Trackballs were all the rage a couple of decades back, when mice weren’t nearly as accurate, maintenance-free, or ergonomic as today’s offerings. Logitech was a leader in the space back then, and had a handful of popular trackball designs in its line-up, including – my favorite -- the Trackman Marble. But over time, their popularity waned and mice got infinitely better.
Although trackballs never really went away completely, Logitech made some noise recently with the introduction of the MX Ergo. The new Logitech MX Ergo is a modern trackball with increased accuracy, a comfortable design, and lag-free wireless operation complete with a long lasting, rechargeable battery. The MX Ergo can also be paired with two computers simultaneously, should you want to share a single trackball with a couple of workstations.
The Logitech MX Ergo’s full list of features and specifications are broken down in the table below. Take a look at the particulars and then we’ll dig in, give you a tour of the device, and tell you what we think...
|Sensor Technology||Logitech Advance Optical Tracking|
Nominal value : 380 dpi
Minimal and maximal value : 320 dpi - 440 dpi
Number of buttons: 8
|Wireless Technology||Advanced 2.4GHz wireless technology|
About 32 ft (10 m)
|Battery||Rechargeable Li-Po (500 mAh) battery|
|Battery Life||Up to 4 months on a single full charge|
|Button Durability||10 million clicks|
|MX Ergo Dimensions||5.22 in (132.5 mm) x 2.02in (51.4 mm) x 3.93in (99.8 mm)|
Weight: 5.78 oz (164 g) (without metal plate/without receiver)
Weight: 9.14 oz (259 g) (with metal plate/without receiver)
|Unifying Receiver Dimensions||Height x Width x Depth:|
0.72 in (18.4 mm mm) x 0.57 in (14.4 mm) x 0.24 in (6.1 mm)
Weight: 0.07 oz (2 g)
|Available USB port|
Windows 10 or later, Windows 8, Windows 7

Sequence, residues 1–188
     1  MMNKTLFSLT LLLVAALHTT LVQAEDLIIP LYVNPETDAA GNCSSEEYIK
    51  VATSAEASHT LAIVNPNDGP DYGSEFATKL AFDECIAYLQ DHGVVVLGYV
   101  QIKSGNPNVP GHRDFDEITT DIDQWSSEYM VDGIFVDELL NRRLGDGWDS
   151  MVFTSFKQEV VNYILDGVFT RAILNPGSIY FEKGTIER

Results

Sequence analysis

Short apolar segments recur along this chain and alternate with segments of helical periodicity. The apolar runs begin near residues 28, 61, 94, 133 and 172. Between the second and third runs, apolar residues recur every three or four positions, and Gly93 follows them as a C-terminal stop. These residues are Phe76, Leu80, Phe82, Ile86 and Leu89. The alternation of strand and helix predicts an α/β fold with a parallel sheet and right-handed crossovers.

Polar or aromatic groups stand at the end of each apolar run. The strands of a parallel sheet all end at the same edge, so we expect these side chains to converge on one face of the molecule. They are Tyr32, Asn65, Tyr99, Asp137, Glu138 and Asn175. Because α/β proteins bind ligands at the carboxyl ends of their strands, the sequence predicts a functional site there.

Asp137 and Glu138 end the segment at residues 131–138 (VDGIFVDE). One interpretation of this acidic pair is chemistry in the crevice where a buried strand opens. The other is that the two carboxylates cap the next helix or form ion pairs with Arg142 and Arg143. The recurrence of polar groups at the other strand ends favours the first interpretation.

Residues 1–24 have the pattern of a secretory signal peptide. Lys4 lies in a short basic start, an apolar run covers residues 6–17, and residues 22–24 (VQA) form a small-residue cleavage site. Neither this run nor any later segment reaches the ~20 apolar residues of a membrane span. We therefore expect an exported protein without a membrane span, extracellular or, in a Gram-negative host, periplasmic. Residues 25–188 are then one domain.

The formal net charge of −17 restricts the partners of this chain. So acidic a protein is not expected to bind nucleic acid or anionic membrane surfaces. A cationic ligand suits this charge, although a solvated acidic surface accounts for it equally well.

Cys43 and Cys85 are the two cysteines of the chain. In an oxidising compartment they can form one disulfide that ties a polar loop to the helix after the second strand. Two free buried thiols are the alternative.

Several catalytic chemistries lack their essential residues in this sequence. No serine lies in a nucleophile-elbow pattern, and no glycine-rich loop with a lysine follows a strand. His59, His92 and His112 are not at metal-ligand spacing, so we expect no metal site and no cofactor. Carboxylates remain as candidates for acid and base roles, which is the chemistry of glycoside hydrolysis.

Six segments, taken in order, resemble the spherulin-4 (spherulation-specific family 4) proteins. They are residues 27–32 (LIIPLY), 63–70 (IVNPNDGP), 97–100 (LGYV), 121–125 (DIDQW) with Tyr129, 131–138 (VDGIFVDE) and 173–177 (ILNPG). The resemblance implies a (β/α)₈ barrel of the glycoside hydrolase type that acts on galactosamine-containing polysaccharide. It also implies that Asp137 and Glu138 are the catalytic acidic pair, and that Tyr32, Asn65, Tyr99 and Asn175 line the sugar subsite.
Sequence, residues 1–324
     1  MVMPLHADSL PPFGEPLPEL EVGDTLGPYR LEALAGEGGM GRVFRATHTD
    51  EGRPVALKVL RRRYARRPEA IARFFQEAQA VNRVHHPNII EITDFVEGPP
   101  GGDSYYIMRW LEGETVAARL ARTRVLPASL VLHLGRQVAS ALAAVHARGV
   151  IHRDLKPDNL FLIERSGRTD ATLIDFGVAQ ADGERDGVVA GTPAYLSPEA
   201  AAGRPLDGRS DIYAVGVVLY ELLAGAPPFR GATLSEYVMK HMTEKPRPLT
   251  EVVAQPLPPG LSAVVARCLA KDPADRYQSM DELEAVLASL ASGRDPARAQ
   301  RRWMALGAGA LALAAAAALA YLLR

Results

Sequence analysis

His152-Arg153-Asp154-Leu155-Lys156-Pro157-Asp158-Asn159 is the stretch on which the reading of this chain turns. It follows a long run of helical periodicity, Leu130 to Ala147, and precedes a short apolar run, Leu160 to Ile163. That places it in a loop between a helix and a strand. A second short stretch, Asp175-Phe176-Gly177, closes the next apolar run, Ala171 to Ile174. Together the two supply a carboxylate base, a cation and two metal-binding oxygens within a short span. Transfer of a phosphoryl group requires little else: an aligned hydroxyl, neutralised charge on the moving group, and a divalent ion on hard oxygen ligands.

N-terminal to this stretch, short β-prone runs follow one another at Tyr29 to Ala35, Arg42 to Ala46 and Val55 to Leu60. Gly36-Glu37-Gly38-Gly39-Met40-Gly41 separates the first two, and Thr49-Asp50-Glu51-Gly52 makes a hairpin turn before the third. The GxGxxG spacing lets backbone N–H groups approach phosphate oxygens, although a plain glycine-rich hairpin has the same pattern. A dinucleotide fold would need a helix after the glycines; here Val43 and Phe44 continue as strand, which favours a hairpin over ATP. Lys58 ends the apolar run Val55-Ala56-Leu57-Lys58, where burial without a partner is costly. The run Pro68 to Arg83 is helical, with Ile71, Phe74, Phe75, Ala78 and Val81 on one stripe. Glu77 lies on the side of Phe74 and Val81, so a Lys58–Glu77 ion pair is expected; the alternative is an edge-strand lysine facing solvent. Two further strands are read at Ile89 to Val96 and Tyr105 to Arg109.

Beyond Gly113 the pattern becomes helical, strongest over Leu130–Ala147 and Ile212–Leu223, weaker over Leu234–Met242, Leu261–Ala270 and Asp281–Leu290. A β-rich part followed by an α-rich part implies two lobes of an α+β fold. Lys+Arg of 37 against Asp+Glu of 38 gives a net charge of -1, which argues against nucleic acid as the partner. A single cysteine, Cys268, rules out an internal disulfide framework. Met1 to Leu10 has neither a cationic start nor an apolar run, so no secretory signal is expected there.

macOS X 10.12 or later
Windows 8 or later
macOSX 10.12 or later
|Warranty||1 Year Limited Hardware Warranty|
|Pricing||$99 - Find The Logtech MX Ergo @ Amazon.com|
The Logitech MX Ergo has an attractive, comfortable design, with a simple, yet effective “hinge” that lets you adjust the angle of operation by 20 degrees for optimal hand positioning. In reality, the hinge is nothing more than a heavy, metal, magnetic base that clicks into one of two positions by applying a bit of pressure, but it does its job well. The MX Ergo’s dimensions are listed above, but those numbers probably won’t mean much to most of you. Anecdotally, however, I can say the MX Ergo fits well in my somewhat large hands, though it should be fine for almost everyone that’s right-handed. Lefty’s need not apply.
The MX Ergo has a matte, soft-touch, dark grey finish on its body, eight buttons, and a slick, speckled silver trackball that’s designed to be manipulated by the user’s thumb. Overall, the MX Ergo’s design’s is reminiscent of Trackman devices from years past, but the angles and materials used definitely make the MX Ergo more comfortable to use. Left-clicking and using the scroll wheel were second nature to me (again, I used trackballs for years BITD), but it did take a little while to get used to right-clicking on the MX Ergo for some reason. I used the same finger I would have with my mouse, but the positioning of the right mouse button, in addition to the hand-position required to use the trackball, threw me off for a bit.
The precision of the MX Ergo’s trackball in its default, out-of-box, configuration was very good. It’s accurate and fast, but best of all, you never have to move your hand or arm. That’s part of the appeal with trackballs – you never have to move your arm or pick-up and re-position your hand to traverse “long distances” with your pointer, like users often have to do with a mouse. A quick flick of the thumbs can send the mouse pointer all the way across the screen. Between the trackball and the scroll wheel, with tilt and horizontal scrolling, there is virtually no reason to move anything but a few fingertips when using the MX Ergo.
The MX Ergo also features 9 buttons (including the tilt switches on the scroll wheel and Flow button), six of which are customizable through the Logitech Options application. The speed and acceleration of the trackball is also adjustable, as are the orientation of the trackball and scroll wheel.
The MX Ergo includes one of Logitech’s Unifying Receivers, which uses the 2.4GHz band for wireless operation (with a range of roughly 32’), but the MX Ergo can also be attached via Bluetooth, and it’s compatible with both Windows or Macintosh systems. It features a built-in 500mAh battery that can operate for up to 4 months on a single charge and charges quickly using a standard micro-USB cable. There is a micro-USB port right on the front of the MX Ergo, and Logitech claims charging the MX Ergo for just a minute will allow it to operate for hours. We couldn’t test that claim though, because it came charged and theoretically won’t die until after the holidays. Note, however, that attaching the MX Ergo to a system with only the USB cable does not allow the trackball to function – the cable is strictly for charging purposes.